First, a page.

Do You Know Your Farmer?

By Jolee Keplinger (C’20) | Principia Center for Sustainability

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Amy Cloud isn’t your average farmer and initially, she did not intend to become one. Although she grew up on a corn, soy, and dairy farm in Michigan, the atmosphere didn’t resonate with her. Instead of following in her family’s footsteps, she decided to study English literature in college. While interning at a publishing company, Amy quickly realized that the literary life was not her calling. Fortunately, during her college education, she was introduced to Wendell Barry’s work.

Barry, an American novelist, poet, and environmental activist, holds deep reverence for the land, which is evident in his 40+ published pieces. 

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Wendell’s work inspired Amy to incorporate an environmental science minor into her college education. This led Amy to apprentice on organic vegetable farms, and at one of them, she met her husband Jose.

Later, Amy was hired as a farm manager at La Vista CSA(Godfrey, IL). This allowed her to truly learn about the farm lifestyle and develop her skills. She realized that starting her own farm with her husband was the next step.

While working at La Vista, Amy talked to a biology professor from Principia College, (which lies on 2,600 acres in the nearby village of Elsah, IL). This conversation resulted an opportunity to lease land from the college.

3 Rivers

After managing the CSA for three seasons, Amy and Jose were ready to establish Three Rivers Community Farm. There, they built a multi-purpose barn with their home on the second level. The first level houses the seasonal farm stand, produce washer, and stores food.

Currently, Three Rivers Community farm is Amy’s full time job, along with being a mother of two. Even though farm work can be physically demanding, she appreciates this hand-on, low-tech lifestyle. She’s grateful her kids can grow up playing outdoors and be able to have an abundance of fresh, organically grown food. 

How It All Started

I first met Amy last summer (2018) at Tower Grove Farmer’s Market, which is an hour away from the farm and Principia College. I was interning in St. Louis, MO at the time, and routinely visited farmers markets on Saturday mornings. While exploring the Tower Grove market, I stopped at Amy’s booth, and noticed the sign which stated the farm was located in Elsah, IL. I had heard about a CSA that was near campus, but I assumed it only served those who were members. I didn’t know Amy also sold at farmer’s markets and operated a farm stand on site. I couldn’t believe I had gone two years without utilizing this local resource.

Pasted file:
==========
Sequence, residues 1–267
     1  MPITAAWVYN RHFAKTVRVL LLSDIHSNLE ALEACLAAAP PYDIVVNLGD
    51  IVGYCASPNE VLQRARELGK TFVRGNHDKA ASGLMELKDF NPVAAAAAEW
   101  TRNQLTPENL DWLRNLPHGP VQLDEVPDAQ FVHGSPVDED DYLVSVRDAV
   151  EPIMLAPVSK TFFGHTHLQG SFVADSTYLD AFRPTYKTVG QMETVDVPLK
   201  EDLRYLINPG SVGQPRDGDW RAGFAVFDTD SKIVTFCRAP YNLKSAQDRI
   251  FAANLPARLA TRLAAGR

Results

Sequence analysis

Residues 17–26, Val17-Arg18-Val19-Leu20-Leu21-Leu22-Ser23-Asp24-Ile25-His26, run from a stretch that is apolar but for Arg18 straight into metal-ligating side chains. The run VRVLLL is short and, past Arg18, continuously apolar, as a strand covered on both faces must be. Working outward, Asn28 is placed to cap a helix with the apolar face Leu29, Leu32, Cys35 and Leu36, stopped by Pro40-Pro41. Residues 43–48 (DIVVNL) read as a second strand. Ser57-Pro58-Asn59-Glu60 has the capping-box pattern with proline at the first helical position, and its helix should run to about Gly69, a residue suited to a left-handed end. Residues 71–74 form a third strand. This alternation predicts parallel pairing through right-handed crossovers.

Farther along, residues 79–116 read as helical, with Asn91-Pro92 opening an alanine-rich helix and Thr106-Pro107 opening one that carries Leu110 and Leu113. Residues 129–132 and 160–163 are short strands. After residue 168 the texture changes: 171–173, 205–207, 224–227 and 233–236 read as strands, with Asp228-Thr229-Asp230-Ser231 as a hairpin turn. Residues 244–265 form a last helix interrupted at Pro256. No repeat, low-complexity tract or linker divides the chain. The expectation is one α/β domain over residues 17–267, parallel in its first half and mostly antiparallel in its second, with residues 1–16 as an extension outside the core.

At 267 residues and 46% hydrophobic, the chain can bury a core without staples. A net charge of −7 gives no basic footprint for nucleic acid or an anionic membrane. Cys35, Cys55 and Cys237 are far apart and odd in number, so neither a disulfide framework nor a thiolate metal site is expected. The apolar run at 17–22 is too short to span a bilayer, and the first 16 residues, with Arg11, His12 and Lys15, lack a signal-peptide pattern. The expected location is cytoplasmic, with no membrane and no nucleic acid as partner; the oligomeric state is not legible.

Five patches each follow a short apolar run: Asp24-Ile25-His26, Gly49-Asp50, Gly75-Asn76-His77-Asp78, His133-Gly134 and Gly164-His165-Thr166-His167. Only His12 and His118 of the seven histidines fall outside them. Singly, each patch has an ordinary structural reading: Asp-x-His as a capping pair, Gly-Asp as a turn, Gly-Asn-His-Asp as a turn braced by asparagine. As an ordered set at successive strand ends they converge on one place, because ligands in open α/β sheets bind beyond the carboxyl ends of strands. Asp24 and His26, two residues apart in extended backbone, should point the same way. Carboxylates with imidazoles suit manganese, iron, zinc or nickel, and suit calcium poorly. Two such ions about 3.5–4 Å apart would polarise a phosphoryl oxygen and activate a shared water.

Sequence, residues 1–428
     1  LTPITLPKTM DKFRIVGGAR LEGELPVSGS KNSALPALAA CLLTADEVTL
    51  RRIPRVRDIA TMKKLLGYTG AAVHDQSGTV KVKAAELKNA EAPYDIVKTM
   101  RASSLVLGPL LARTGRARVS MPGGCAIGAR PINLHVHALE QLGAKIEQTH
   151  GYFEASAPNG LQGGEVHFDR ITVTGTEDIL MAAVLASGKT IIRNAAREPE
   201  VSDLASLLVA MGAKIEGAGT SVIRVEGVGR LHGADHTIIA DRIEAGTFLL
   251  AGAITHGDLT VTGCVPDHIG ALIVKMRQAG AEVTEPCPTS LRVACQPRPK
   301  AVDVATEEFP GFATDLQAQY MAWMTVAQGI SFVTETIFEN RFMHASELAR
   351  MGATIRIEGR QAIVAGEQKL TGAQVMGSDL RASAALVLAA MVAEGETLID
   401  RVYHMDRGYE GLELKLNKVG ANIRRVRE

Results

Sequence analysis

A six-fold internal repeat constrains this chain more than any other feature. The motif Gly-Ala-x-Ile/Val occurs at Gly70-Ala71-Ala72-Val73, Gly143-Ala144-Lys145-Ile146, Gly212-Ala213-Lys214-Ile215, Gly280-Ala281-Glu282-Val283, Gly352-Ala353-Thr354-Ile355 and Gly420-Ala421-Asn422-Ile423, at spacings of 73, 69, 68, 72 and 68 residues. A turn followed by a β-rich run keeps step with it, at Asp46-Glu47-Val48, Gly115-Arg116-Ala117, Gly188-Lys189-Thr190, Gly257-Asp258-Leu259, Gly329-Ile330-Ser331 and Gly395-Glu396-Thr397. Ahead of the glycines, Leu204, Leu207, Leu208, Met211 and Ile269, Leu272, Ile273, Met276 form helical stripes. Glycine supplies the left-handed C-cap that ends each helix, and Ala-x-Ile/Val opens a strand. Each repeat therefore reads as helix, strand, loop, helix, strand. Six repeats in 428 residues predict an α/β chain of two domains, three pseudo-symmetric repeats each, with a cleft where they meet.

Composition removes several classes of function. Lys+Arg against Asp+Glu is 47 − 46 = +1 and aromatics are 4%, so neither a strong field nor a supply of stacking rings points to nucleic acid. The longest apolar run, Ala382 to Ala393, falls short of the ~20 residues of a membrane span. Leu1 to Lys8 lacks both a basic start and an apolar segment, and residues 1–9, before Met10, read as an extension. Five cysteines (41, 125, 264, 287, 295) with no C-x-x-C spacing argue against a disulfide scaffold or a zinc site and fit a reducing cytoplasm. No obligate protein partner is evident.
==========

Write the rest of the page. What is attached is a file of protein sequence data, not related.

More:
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Once I returned to Principia College in the fall, I regularly visited Amy’s farm stand and loaded up on fresh vegetables, fruit, cheese and eggs. By wintertime, the farm stand closes since production slows, but I look forward to visiting as soon as it opens in mid-May.

On one of my visits, I noticed a Principia professor (the same one who connected Amy with the land) shopping there. It was so exciting to see how the farm was benefitting the local community.

Last semester (fall 2018), one of my goals was to ensure that Amy’s locally grown goods would become integrated into Principia College’s Dining Services. I coordinated a meeting with Amy, our executive chef Trey McCartt, and our director of sustainability Karen Eckert. This meeting was a success, and it led to a collaboration between the farm and Dining Services. This fall (2019), farm-fresh produce should be expected!

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A Fruitful Future

The relationship between the farm and Principia College will strengthen This summer. Principia student and biology major Allegra Pierce will be working there! For those living on campus, look forward to farm-fresh produce this fall!

The Farm-Fresh Difference 

Many people assume that simply buying organic produce from Whole Foods ensures optimal nutrition and flavor. At a local panel, which was part of my Sustainable Food Systems course, Amy emphasized that there is still a significant difference in quality when comparing freshly harvested produce to store-bought. She compared processed baby carrots to freshly pick, stem-on carrots from the farm. I learned that industrially processed baby carrots are soaked in a chlorine solution to prevent harmful bacterial growth. Personally, I’d much rather eat the whole, unaltered food, than a chemically processed version. That simple anecdote demonstrates the importance of sourcing local food that’s in its natural state. Even if a vegetable is sold fresh, whole, and grown organically, it may not be the best quality. 

Visit

Farm: 22935 Chautauqua Rd. Elsah, IL 62028

The farm stand is open Thursday and Friday from 10-7 and Saturdays 9-2 starting in mid-May through October. Their very popular plant sale is the last weekend in April, both Saturday and Sunday from 9-4.

What you can find:

  • A wide array of produce
  • Local apples
  • Fresh flowers
  • Free-range eggs right from the farm, locally sourced meats and Marcoot cheeses, spiced apple butter & more!

Personal Favorites: 

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Shopping Tip:

Reusable produce bags are an excellent way to reduce plastic waste, and advocate for a less wasteful & sustainable world. I ordered these Earthwise produce bags from Amazon.com.

Want to continue learning about local farmers? Click here for a short video.

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